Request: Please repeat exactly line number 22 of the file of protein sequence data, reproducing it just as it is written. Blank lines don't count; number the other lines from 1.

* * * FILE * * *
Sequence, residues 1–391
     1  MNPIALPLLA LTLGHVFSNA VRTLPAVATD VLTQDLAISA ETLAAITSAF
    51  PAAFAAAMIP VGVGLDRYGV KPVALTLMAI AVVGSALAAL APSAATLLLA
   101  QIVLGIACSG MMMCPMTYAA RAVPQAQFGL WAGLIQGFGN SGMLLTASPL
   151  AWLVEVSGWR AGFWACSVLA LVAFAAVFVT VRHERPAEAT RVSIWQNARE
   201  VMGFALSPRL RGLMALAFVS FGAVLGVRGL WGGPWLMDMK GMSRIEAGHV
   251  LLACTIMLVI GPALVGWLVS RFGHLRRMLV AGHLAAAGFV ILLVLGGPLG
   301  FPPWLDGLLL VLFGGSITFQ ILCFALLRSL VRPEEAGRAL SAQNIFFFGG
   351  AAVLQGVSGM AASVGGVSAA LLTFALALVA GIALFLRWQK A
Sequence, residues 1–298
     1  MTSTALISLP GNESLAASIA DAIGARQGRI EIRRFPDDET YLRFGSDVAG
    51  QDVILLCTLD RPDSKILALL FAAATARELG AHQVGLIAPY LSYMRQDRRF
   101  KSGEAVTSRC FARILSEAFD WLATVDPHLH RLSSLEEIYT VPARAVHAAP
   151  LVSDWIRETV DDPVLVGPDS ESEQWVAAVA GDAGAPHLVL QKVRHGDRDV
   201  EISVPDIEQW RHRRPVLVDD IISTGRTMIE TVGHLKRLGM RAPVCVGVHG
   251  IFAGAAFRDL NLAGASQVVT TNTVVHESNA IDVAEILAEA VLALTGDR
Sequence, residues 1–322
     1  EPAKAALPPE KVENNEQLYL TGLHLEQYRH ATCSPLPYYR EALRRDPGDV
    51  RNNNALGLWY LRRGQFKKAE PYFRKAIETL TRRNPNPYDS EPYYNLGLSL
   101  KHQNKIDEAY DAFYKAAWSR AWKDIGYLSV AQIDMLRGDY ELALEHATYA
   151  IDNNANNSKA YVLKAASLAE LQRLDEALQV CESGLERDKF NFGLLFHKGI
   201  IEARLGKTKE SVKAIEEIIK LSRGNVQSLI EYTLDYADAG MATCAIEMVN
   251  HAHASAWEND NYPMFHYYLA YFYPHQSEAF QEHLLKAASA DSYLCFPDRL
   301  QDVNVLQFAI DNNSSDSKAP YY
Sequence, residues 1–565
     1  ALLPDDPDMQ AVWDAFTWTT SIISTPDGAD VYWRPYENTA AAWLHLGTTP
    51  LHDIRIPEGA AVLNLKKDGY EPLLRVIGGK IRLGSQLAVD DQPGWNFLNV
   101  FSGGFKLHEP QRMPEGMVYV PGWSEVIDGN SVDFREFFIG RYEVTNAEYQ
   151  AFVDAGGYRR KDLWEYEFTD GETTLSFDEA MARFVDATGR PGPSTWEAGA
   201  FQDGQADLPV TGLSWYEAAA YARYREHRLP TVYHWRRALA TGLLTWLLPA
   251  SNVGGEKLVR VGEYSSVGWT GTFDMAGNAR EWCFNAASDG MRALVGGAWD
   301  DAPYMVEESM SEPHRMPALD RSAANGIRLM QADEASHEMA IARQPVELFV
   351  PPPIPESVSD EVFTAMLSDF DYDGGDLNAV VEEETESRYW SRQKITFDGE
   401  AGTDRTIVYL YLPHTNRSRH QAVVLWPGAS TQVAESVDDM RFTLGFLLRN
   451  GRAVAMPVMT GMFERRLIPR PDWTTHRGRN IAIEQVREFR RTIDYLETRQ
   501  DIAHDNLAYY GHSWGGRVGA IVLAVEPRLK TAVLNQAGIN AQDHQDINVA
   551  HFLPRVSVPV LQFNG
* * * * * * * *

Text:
   201  IEARLGKTKE SVKAIEEIIK LSRGNVQSLI EYTLDYADAG MATCAIEMVN